Header image, book on sand

#BookReview of A Silent Death by Peter May

  10 Jul 2020 |    4 minutes  |   Paul Mitchell

Book cover of A Silent Death by Peter May

Title:  A Silent Death
Author:  Peter May
Date Published:  9 Jan, 2020
Genre:  Thriller
Publisher:  Riverrun
ISBN:  9781784294984
Pages:  432
Rating:  ⭐⭐⭐⭐


(Blurb for A Silent Death from Goodreads)
Spain, 2020. When ex-pat fugitive Jack Cleland watches his girlfriend die, gunned down in a pursuit involving officer Cristina Sanchez Pradell, he promises to exact his revenge by destroying the policewoman.
Cristina’s aunt Ana has been deaf-blind for the entirety of her adult life: the victim of a rare condition named Usher Syndrome. Ana is the centre of Cristina’s world – and of Cleland’s cruel plan.
John Mackenzie – an ingenious yet irascible Glaswegian investigator – is seconded to aid the Spanish authorities in their manhunt. He alone can silence Cleland before the fugitive has the last, bloody, word.

Peter May’s latest bestseller unites a strong, independent Spaniard with a socially inept Scotsman; a senseless vendetta with a sense-deprived victim, and a red-hot Costa Del Sol with an ice-cold killer.

My Review

To be fair, I hadn’t read any of Peter May’s other books, although I had heard of the Lewis Trilogy. So I was intrigued to see A Silent Death appear on my Audible recommendations. I was also keen as it was based in Spain’s Costa Del Sol region where I and my wife regularly holiday.

The story itself is a fairly straightforward cat-and-mouse type thriller, ramped up by one of the character’s disability. In this instance, the criminal Jack Cleland seeks revenge after police office Christina Sanchez Pradell kills his girlfriend. The incident occurs while Christina is investigating a reported break-in at Cleland’s villa. It’s actually Cleland who kills his own girlfriend by mistake but it doesn’t stop him putting the blame elsewhere.

John MacKenzie has just moved to the NCA as an investigator after being forced out of the Met. Before he’s even started, he is told to travel to Spain to bring back Cleland, held by the Spanish for extradition. After waiting at Malaga airport for a few hours he realises that something is wrong as nobody is waiting to hand over the prisoner. Eventually, he is met by a young policewoman (Christina) who explains that the prisoner has escaped. MacKenzie is ordered by his boss to assist the Spanish police in their attempts to recapture Cleland.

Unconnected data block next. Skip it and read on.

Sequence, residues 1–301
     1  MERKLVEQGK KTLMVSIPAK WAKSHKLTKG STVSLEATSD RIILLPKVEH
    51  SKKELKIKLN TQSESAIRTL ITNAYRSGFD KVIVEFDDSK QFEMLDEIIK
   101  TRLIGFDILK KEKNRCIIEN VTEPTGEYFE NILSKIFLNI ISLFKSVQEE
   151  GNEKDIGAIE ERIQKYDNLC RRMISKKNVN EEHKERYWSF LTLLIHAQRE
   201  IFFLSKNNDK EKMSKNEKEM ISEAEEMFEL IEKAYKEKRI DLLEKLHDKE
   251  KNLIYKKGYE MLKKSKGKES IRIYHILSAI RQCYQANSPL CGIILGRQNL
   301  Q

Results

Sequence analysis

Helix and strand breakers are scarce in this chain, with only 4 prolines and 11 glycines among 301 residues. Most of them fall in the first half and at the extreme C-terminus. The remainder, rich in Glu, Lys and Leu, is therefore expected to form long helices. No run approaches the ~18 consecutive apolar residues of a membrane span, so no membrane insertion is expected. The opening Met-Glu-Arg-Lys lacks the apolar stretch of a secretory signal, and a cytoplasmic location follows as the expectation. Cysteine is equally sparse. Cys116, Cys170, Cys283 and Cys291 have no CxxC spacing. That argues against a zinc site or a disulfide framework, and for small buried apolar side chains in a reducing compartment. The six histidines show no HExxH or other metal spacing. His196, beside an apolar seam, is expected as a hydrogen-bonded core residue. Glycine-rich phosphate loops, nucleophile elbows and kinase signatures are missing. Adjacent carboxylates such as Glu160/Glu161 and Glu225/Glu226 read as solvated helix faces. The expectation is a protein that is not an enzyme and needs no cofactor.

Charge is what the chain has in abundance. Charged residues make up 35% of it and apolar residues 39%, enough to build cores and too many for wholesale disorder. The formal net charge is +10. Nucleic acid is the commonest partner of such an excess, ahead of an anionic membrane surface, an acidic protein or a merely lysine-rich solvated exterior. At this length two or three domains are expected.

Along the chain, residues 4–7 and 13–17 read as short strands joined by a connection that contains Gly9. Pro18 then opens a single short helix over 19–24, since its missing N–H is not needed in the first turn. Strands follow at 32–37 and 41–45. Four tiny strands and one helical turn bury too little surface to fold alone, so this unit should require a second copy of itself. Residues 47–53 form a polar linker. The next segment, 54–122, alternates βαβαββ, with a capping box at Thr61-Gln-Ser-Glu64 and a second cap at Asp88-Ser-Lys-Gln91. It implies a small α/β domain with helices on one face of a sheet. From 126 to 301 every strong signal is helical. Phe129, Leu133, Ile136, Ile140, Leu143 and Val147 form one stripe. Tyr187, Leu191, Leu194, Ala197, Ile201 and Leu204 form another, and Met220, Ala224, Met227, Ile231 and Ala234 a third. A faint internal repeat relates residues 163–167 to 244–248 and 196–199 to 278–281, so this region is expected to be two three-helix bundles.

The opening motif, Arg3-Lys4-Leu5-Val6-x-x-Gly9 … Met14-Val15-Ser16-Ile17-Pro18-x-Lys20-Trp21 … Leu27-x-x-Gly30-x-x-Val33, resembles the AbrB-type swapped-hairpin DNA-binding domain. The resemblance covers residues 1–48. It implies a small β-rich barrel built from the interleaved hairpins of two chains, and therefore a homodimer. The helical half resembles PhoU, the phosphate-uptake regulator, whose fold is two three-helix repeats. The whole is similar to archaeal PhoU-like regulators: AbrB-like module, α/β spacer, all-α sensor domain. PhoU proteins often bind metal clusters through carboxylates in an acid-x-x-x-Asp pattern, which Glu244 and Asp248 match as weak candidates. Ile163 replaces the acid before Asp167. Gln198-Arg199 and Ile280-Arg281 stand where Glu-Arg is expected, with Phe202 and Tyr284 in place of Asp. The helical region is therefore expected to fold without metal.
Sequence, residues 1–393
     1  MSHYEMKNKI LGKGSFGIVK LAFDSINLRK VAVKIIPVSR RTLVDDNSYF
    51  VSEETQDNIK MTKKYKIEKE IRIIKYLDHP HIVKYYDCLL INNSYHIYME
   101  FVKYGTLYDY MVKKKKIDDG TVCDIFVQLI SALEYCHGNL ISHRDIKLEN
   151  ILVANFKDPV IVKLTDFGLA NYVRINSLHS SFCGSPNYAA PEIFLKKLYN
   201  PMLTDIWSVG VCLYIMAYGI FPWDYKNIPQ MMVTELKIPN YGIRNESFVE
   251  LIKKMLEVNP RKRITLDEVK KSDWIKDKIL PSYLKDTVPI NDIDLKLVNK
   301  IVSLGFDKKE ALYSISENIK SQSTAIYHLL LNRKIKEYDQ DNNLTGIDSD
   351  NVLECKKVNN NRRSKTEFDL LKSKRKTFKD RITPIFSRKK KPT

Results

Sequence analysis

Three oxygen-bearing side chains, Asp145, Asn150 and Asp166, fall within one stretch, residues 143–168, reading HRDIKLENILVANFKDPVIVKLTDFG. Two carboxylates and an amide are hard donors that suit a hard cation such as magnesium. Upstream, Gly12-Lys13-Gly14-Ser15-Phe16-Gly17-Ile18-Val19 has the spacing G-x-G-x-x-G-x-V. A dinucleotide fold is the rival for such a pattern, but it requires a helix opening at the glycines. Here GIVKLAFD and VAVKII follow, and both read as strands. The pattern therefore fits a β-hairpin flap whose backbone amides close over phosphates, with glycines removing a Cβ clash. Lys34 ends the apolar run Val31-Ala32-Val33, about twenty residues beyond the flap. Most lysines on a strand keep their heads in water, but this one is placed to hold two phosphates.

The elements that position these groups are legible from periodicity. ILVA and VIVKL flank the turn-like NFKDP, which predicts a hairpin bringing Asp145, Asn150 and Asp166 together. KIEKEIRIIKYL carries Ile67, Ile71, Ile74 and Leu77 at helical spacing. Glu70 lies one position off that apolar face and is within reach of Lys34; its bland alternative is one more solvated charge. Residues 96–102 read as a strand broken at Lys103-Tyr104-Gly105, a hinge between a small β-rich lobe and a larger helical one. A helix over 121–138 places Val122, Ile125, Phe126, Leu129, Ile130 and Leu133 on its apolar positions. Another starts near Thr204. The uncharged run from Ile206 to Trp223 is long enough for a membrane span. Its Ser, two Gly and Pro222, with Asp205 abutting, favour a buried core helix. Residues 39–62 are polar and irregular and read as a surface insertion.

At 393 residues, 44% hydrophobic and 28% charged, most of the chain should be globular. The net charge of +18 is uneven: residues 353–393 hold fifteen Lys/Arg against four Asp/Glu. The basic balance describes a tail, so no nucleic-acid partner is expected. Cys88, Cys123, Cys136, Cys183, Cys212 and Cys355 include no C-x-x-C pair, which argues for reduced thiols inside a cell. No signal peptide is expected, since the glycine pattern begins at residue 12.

So we have a prisoner on the run who is hell-bent on making Christina and her family pay for the death of his girlfriend. Christina has a husband and child, a sick sister and an aunt who is both deaf and blind. All are in potential targets for Cleland. On top of all this, Cleland is organising a huge sale of Cocaine somewhere on the coastline. Can MacKenzie help the Spanish police recapture Cleland before he wreaks havoc on Christina’s family?

I Liked

The story has a fairly brisk pace, which Peter May keeps going throughout. The writing itself is excellent. The characters are also very well drawn, especially MacKenzie who just says what he thinks, and Christina’s aunt Ana who we learn has Ushers syndrome affecting both sight and hearing. The Spanish coastline and hills are also beautifully detailed.

I thought the character of MacKenzie was spot on, his irritable nature and lack of diplomacy winds up almost everybody who meets him. But he’s also very clever, not just because he can speak several languages, but the way in which he uncovers details to help the investigation.

Ana is another stroke of genius. She can’t see or hear but is still able to communicate with those around her, using touch signing or technology. She touches the hearts of everyone she meets and it is her plight that shifts this novel to a much better thriller.

There’s a fair amount of tension built up during the story, which you can probably work out from the blurb. And there are also a few twists in the tale, one of which I certainly hadn’t expected.

I Didn’t Like

There wasn’t much not to like about this story. My only real thoughts were that the plot itself seemed a little straightforward and that some of the flowing descriptions of landscape and characters were there to fill out the story. But this is only a minor point, and I certainly intend to read/listen to more of Peter May’s books.

Audio Book

Peter Forbes performance on A Silent Death was excellent. He went effortlessly from a Spanish accent to a broad Scottish one and back again with no hint of a pause. The production quality of the recording was also top-draw.

I look forward to listening to more of Peter Forbes performances.

Final Thoughts

There’s a lot of quality in the writing of this story and it builds up the tension nicely. I for one will be coming back to read more from Peter May.


Please Consider Sharing

Please leave any comments below: